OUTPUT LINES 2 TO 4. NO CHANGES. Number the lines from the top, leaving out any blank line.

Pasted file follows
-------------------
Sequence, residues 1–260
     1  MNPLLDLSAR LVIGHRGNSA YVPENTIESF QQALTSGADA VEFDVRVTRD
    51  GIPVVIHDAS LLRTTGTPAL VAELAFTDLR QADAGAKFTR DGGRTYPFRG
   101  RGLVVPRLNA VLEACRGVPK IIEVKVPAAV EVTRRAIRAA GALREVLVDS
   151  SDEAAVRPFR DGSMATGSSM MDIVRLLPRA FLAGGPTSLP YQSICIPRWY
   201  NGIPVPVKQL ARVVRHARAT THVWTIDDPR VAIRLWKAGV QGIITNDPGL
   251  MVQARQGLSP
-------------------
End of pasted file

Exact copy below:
     1  MNPLLDLSAR LVIGHRGNSA YVPENTIESF QQALTSGADA VEFDVRVTRD
    51  GIPVVIHDAS LLRTTGTPAL VAELAFTDLR QADAGAKFTR DGGRTYPFRG
   101  RGLVVPRLNA VLEACRGVPK IIEVKVPAAV EVTRRAIRAA GALREVLVDS